sed, short for “Stream Editor”, is a Linux command-line stream editor that performs text transformations on the input stream (file or input from a pipeline). The capabilities of sed include searching text, finding and replacing text, or even inserting and deleting text in a file.
In this tutorial, we’ll learn to perform various operations at the end-of-line (EOL) using sed, such as deleting, replacing, or adding text. We’ll start by understanding end-of-line (EOL) characters, followed by a refresher on the sed command. Finally, we’ll see two examples of using sed to first replace, and then add, text at the end of a line.
2. End-of-Line (EOL) Characters
First, let’s comprehend what exactly end-of-line means. In the context of text files, the end-of-line (EOL) character is a fundamental element that indicates the termination of a line. Seeing EOL, the text editor knows that it should move on to processing the next line. Different operating systems employ distinct EOL conventions. Let’s see how the most common operating systems define EOL in their systems:
- Unix-like systems: \n (newline)
- Windows: \r\n (carriage return + newline)
- Mac OS (prior to Mac OS X): \r (carriage return)
- macOS (Mac OS X and after): \n (newline)
Knowing this variation becomes crucial when handling files from diverse sources. Since our focus will be on Linux systems, when we refer to “EOL”, we will assume it to be newline (\n).
3. sed Basics
Before diving into detecting end-of-line characters, let’s revisit some fundamental sed concepts. sed is a stream editor whose operation is based on applying commands to lines of input and writing it to the output stream. Conceptualized by Lee E. McMahon in 1973, sed has evolved into a powerful tool widely embraced by system administrators, developers, and data enthusiasts.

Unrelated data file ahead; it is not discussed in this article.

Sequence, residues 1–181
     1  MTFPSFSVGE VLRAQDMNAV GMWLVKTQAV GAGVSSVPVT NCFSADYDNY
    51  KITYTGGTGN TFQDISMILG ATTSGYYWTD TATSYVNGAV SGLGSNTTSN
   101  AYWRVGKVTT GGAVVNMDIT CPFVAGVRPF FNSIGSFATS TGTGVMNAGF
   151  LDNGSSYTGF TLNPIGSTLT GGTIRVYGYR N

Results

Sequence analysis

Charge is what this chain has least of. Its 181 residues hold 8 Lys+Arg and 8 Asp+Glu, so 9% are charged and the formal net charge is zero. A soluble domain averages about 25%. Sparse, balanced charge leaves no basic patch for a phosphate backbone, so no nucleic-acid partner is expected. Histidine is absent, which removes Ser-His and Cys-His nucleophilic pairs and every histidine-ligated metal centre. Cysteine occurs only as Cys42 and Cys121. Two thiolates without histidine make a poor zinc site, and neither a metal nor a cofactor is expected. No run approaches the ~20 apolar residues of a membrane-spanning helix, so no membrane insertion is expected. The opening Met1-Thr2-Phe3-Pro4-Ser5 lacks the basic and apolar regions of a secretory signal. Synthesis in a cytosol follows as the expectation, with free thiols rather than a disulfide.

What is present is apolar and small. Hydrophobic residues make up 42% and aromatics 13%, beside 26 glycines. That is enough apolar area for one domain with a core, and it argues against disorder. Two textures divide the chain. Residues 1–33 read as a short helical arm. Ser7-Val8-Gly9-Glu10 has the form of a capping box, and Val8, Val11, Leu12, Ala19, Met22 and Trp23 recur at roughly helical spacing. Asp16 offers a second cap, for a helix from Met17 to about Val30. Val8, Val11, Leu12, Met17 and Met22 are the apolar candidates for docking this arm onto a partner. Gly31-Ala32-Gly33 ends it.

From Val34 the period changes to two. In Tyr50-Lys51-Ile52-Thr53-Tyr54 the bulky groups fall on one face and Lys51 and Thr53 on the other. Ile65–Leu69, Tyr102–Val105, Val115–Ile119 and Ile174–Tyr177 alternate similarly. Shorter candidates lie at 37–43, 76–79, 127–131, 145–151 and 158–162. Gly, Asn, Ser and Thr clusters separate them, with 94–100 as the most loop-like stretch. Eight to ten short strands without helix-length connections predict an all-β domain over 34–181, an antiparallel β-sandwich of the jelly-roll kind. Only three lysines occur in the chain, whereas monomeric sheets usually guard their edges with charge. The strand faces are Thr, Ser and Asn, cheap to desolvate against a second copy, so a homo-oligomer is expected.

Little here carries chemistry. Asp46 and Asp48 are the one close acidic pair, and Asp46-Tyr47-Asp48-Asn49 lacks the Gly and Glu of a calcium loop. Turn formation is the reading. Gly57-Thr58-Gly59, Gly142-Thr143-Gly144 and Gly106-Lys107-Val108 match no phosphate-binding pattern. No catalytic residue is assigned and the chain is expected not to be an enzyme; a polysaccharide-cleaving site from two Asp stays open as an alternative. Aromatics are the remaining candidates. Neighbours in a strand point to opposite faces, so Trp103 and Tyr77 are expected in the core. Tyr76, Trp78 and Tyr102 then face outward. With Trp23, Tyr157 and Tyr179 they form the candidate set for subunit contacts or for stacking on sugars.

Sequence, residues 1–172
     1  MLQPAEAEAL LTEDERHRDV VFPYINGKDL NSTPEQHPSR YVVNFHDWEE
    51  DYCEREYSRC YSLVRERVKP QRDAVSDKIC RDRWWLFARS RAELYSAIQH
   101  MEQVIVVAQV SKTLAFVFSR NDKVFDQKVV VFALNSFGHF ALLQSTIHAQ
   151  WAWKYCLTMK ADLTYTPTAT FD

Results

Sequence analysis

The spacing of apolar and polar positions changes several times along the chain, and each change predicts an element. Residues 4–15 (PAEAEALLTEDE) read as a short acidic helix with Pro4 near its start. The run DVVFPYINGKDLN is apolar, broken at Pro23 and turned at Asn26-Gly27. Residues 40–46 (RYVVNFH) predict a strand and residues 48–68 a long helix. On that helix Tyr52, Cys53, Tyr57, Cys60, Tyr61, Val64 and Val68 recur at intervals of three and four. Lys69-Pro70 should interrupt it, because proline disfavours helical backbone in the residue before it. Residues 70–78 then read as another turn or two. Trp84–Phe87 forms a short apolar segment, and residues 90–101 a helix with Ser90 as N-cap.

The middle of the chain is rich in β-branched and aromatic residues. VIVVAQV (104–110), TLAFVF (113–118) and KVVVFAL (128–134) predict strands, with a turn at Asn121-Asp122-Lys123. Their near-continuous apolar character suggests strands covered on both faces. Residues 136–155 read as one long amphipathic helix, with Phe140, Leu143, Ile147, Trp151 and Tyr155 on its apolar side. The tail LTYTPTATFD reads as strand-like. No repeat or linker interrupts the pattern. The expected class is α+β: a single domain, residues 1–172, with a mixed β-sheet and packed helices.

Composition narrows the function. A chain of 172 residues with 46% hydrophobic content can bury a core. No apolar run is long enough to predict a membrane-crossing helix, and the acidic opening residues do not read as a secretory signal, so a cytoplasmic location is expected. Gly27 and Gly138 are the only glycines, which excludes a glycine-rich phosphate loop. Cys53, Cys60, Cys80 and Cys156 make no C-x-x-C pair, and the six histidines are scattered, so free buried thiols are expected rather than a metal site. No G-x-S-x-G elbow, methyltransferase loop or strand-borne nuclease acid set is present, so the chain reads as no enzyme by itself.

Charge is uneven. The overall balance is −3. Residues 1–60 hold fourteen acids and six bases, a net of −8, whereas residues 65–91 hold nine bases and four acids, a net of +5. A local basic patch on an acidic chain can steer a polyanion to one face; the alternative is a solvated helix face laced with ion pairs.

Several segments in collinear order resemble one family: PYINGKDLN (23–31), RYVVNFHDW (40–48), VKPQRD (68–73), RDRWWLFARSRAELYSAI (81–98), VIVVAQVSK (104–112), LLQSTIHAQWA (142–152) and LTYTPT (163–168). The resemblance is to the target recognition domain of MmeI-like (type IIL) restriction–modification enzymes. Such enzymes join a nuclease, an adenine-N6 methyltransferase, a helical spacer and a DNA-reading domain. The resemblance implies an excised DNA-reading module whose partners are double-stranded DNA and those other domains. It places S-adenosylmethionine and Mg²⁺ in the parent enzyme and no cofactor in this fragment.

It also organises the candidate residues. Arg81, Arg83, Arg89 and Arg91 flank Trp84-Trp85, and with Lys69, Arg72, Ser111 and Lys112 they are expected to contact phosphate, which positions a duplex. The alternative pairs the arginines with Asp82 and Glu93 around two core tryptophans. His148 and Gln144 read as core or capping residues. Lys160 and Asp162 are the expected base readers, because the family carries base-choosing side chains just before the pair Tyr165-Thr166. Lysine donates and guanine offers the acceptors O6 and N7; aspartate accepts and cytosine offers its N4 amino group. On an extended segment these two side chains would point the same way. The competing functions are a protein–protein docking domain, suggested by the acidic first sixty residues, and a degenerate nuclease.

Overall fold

Let’s review the structure of a typical sed command:
sed [OPTIONS] COMMAND [INPUTFILE]
In this article, we’ll focus on the COMMAND argument, which we can use to perform actions such as substitution or deletion. Commands can be provided as one-liners or read from a file, and regular expressions are supported as well. The INPUTFILE can be any text file or piped input stream.
Particularly in the case of substitution, the structure will be:
sed 's/search_pattern/replacement_pattern/' input_file
Here, the s specifies the substitution operation. The / (forward slashes) are delimiters. The search_pattern part, if found, is replaced with the replacement_pattern on the fly, and the result is printed in the command line console.
Interestingly, sed operates on newline-delimited data, with the delimiters excluded from what a sed script processes. The sed command doesn’t encounter newlines in the text it reads, since it reads line by line. Each of those lines ends before the newline, thus sed‘s pattern space has no visibility of EOL characters. To overcome this and gain visibility into end-of-line (EOL) using sed, regular expressions come in handy.
4. Regular Expressions and Anchoring
Regular expressions (regex) are powerful patterns used for text matching and manipulation. These patterns, used with commands like sed, enable us to search for and match text based on specific criteria.
To anchor any regex pattern to the end of a line, we use the $ symbol at the end of the pattern. Conversely, for the start of a line, the ^ symbol is used at the beginning of the pattern. These symbols act as anchors, helping us precisely locate strings from the start or the end of a line. The $ symbol, especially, is useful for us as it matches patterns right up to the boundary of the end-of-line (EOL).
For example, if we want to match any uppercase or lowercase English letters (‘A’ to ‘Z’ as well as ‘a’ to ‘z’), we could write the regex pattern as: